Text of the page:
What are your favorite ideas for getting an idea of validated or coming up with an MVP in a way that, you know, some people might say, Well, look, I don't even know how to do an MVP, because I'd have to build this thing. And even a prototype, I just I don't have access to like, how do you? How do you get to that point?
Think of it this way. I was actually thinking about this this morning, that bad ideas lead to good ideas. Okay, let me explain what I mean by that. And when I say bad ideas, a person may have an idea in their head as to what may be a real problem out there, right. And they may go about thinking about it a certain way, but it never gets past out of their head, I believe in actually releasing those bad ideas out into the wild and talking with people about them, whether it's your friends, your family, your co workers, even strangers about the bad idea, because what will happen is the following typically, that bad idea will start getting chiseled down into something that's a good idea. That's something that should be made. And you'll start seeing that right off the bat. But fundamentally, with gusher, there's almost no way no bad ideas, what we say is that there should be a problem that should be identified. So it's not a function of really, as an entrepreneur, you're trying to sit there and create a solution, you're trying to identify a problem as the main quote unquote, idea. Because from my perspective, it's not up to you as the entrepreneur to solve this problem. It's your your, your main core reason for being is to identify that problem, and put the team together that actually, that problem. So I may have, you know, a problem identified as x Josh, but you're now part of that team, you're going to know damn, well how to get that out there in some way to help generate that first bit of traction, that takes a lot of pressure off in terms of whether or not it's valid, you know, that's the whole point of the team is that you're able to go ahead and create something like that prototype that MVP, that first version, but not you is just the entrepreneur, but you as an entire team that's bringing that laser focus skill set, that adds value to it. Because if you're sitting there and you think it's a piece of crap, and that isn't going to fly, chances are a, you're not going to go ahead and join the startup, which means that other people probably aren't either, which means that idea to be rework, but if you joy in it, and you think there's something there, you're going to put some effort into it. And the value that you bring is just going to make that idea better. It's as simple as, huh. So it's stages.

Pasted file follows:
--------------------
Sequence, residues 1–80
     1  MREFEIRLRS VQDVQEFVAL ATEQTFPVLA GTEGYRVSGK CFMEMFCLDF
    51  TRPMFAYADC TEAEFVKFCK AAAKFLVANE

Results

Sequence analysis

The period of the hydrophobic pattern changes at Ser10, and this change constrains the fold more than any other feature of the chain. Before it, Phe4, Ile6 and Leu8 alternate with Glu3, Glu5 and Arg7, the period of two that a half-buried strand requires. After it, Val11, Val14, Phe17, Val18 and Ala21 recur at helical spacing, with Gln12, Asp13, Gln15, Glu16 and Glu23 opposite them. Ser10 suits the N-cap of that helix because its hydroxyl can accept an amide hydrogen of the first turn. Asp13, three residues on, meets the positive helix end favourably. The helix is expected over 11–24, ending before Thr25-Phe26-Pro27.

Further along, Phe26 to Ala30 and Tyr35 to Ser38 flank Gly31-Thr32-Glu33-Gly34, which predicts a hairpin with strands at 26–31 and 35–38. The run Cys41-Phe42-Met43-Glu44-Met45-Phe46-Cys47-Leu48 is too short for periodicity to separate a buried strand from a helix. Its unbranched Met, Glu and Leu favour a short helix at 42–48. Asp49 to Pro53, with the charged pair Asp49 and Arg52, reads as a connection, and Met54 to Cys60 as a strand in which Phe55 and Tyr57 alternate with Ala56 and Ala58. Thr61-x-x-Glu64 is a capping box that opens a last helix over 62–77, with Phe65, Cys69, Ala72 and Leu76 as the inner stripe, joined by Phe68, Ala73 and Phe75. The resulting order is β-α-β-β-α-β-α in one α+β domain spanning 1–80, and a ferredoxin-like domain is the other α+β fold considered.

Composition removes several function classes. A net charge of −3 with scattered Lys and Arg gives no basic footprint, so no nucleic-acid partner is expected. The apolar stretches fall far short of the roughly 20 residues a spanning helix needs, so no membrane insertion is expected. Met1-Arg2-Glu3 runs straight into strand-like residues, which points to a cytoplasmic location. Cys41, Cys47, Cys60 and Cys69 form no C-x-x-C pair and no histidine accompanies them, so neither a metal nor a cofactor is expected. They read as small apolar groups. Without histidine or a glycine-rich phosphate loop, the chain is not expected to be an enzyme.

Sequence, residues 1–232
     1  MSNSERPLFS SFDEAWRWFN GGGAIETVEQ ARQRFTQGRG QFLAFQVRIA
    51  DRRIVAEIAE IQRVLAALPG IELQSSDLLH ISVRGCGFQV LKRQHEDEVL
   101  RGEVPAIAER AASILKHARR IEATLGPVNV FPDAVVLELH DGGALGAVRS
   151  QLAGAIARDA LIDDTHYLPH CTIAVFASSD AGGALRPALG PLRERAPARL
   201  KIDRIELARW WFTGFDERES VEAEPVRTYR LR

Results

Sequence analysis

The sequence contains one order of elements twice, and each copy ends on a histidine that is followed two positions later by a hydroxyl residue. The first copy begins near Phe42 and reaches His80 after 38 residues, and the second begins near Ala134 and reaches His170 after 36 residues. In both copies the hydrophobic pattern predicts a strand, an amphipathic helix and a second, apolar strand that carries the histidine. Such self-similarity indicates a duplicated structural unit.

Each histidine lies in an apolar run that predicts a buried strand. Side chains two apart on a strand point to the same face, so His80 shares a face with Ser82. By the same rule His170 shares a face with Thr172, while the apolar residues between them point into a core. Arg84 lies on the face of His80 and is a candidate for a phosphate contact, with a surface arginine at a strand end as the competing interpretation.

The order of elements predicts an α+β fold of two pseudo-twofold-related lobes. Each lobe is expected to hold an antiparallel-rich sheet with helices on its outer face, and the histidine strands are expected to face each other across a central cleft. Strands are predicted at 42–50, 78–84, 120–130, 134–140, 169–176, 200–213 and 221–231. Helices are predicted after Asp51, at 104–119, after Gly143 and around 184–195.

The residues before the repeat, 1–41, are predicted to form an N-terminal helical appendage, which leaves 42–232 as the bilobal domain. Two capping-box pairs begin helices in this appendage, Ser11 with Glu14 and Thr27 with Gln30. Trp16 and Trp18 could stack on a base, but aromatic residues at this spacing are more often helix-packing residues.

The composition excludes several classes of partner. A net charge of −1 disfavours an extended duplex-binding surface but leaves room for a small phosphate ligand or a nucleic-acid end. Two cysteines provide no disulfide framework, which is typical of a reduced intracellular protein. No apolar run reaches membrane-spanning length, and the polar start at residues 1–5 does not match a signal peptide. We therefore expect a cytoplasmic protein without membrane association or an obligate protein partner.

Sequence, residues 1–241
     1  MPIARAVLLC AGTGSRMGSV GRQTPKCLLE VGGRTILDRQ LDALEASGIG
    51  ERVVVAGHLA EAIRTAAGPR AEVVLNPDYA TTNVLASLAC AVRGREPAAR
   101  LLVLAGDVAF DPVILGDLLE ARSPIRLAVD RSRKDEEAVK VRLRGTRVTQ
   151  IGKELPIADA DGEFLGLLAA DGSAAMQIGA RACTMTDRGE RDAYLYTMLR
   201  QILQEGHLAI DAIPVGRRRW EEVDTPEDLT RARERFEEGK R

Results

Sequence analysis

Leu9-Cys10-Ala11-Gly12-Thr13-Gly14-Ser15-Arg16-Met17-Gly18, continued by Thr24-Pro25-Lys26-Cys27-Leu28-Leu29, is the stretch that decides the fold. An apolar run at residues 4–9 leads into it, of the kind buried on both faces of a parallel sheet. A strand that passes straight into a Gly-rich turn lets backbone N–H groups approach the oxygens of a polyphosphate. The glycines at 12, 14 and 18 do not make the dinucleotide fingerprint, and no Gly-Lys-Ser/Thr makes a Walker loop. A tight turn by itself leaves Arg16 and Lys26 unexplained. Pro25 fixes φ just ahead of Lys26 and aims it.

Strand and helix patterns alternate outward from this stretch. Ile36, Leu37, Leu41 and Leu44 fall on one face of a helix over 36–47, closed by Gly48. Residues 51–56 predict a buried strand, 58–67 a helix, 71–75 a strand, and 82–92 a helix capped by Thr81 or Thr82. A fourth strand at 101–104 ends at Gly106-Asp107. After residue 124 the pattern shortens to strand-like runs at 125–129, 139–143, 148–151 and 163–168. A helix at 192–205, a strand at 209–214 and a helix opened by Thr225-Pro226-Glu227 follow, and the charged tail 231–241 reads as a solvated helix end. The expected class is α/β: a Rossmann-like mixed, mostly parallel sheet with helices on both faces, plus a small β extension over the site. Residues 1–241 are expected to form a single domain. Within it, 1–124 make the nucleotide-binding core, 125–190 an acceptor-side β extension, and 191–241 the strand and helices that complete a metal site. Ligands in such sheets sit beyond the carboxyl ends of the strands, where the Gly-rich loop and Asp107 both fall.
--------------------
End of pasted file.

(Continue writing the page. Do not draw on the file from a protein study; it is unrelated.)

Yeah, you don't in my world, too. It's, it's interesting, I feel like there's these, these kind of two camps, you have kind of this, you know, these, this group of entrepreneurs that are kind of aiming toward the, you know, they want to attract funding, they want to grow and scale, they want to build a big team. And then you've got this world of the kind of the solo hour where I think they're trying to do everything themselves. Yeah. And it just takes them forever. And they wonder why they stagnate. And, you know, they just, and I get it when you're like, Well, look, I don't have the money to invest in a team. But you know, it's like, you know, what percentage of all the work that gets done in my company, what percentage of that work am I doing? It's, it's 5%. I mean, I have all of the of all the hours being put in all of the, you know, I'm a small part of a larger team now. And because of that, I were just able to do more stuff, we impact more people, we can have a bigger impact on the world. And so the time to build the